Alluhaidan: Extremists distort message |
Arab News - 28 July, 2012
Islam is a tolerant religion, but together with many faiths in the world it has suffered from the consequences of extremism, according to Sheikh Abdullah bin Fahad Alluhaidan.
Alluhaidan was delivering a lecture as part of a series of Ramadan lectures organized by Princess Al-Anood Philanthropic Foundation in Riyadh on Wednesday night. The function was presided over by the foundation's Secretary-General Youssef bin Othman Al-Huzaim.
Alluhaidan said extremists use religious slogans that look very persuasive for others, but they have a bad intention and objective. He added that tolerance means accepting others despite having different views and cultural backgrounds. From the Qur’an’s point of view, the mission of the prophets and messengers of God was not to forcibly impose their teachings on the people, but to guide them and ask them to accept God with their own will.
Describing the meaning of jihad in Islam, the sheikh said it is an act of inviting people to Islam with wisdom and tolerance that needs efforts and free will. However, Muslims are required to defend themselves if somebody forces them to do this act. “Muslims never wish to clash with others,” he elaborated, adding that peace is the pillar of Islam in dealings with humanity.
Outlining the principles of Islam, he said peace is a basic concept in Islamic thought. The Arabic term “Islam” itself is usually translated as “submission” — submission of desires to the will of God. It comes from the term “aslama,” which means “to surrender” or “resign oneself.”
The Arabic word “salaam” (peace) has the same root as Islam, Alluhaidan continued. One Islamic interpretation is that individual personal peace is attained by utterly submitting to Allah. The greeting “As-salamu Alaykum,” favored by Muslims, has the literal meaning “Peace be upon you.”
He said one of the core principles of Islam is equality, which means that every human being on earth is equal regardless of race, color, sex and faith affiliation. He cited a verse from the Holy Qur'an — “We honored the sons of Adam” — that does not specify color or religion.
According to Alluhaidan, the more identical or similar people are the more equality among them is right. However, wherever there are differences, these must be reflected in treatment.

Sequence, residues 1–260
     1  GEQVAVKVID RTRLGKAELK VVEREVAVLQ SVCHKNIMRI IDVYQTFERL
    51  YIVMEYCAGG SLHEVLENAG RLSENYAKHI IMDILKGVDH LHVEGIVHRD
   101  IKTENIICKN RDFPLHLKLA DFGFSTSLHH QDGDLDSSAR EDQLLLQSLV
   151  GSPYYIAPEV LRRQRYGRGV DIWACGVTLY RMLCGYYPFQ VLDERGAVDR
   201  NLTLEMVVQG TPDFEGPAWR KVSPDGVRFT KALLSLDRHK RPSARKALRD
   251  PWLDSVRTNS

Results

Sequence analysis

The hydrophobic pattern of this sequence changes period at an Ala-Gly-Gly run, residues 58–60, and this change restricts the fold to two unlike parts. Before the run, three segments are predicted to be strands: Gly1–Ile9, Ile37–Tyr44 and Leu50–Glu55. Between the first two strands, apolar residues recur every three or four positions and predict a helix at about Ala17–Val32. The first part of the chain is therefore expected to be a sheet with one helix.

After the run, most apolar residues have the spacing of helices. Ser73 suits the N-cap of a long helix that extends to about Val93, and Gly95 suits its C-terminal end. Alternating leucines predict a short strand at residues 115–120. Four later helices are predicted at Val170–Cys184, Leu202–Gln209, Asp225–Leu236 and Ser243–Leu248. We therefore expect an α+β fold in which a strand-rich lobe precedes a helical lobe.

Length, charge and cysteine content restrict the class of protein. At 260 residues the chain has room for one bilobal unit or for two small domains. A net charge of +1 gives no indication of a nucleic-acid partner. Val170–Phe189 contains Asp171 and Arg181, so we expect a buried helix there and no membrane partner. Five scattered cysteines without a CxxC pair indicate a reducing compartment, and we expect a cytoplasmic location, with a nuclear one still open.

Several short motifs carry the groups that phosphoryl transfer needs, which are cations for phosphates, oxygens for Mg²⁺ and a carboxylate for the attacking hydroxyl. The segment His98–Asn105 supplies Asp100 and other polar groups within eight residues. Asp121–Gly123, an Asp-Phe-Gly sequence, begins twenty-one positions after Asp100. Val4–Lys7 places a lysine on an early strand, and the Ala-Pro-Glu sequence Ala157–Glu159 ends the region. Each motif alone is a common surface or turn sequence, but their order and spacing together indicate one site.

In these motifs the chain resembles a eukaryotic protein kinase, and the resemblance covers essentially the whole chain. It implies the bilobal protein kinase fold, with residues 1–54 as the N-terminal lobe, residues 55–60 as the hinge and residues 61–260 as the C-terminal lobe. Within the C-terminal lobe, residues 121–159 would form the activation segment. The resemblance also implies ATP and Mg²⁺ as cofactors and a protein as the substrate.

Therefore, it would be unrealistic to assert the absolute equality of human beings, he stated, but we could say that humans are basically equal in rights and duties, as there is some degree of similarity in physical and mental traits. This enables them to understand and apply rules and laws, and to be accountable.
It is obvious, at the same time, that diversity among humans in traits and talents is natural to them; therefore, there will be limitations in natural, social and political positions, as one inquirer did notice. Some of the limitations are temporary, some permanent; some are infrequent, some frequent. However, a limitation is specific. It may not be generalized to inequality in other rights.
The sheikh explained that a person who is morally upright is not equal to a crook in terms of morality, but they may be equal otherwise. Neither is an intelligent person equal to a dull one, but they are equal in other spheres.
Alluhaidan also talked on freedom as a right of human beings. One of the most important human rights is the respect and tolerance society must show toward the religions of other people. He cited a verse from the Qur’an that clearly says that religion cannot be forced on anyone: “There is no compulsion in (accepting) religion (of Islam).”
He continued, saying that fulfillment of contracts and charters are among the main principles of Islam, asking those who have a contract with expatriates that work in the country to respect every article of it. “You should not take advantage of the authority you have,” he warned people, referring to those who use their power to serve their own interest.
The event, which finished on Thursday, featured various topics including a lecture on “The history of Islamic culture and heritage in Latin America — Colombia” by Gustavo Perez Figueroa.
On Tuesday, Dean of the Faculty of Medicine at King Saud University Mubarak bin Fahad Alfaraan delivered a lecture on the “Scientific miracles of eyes creation”, in which he explained the functions and components of eyes and how Allah put the eyes in a safe and secure place in the human body. Alfaraan also answered many questions raised by the attendees.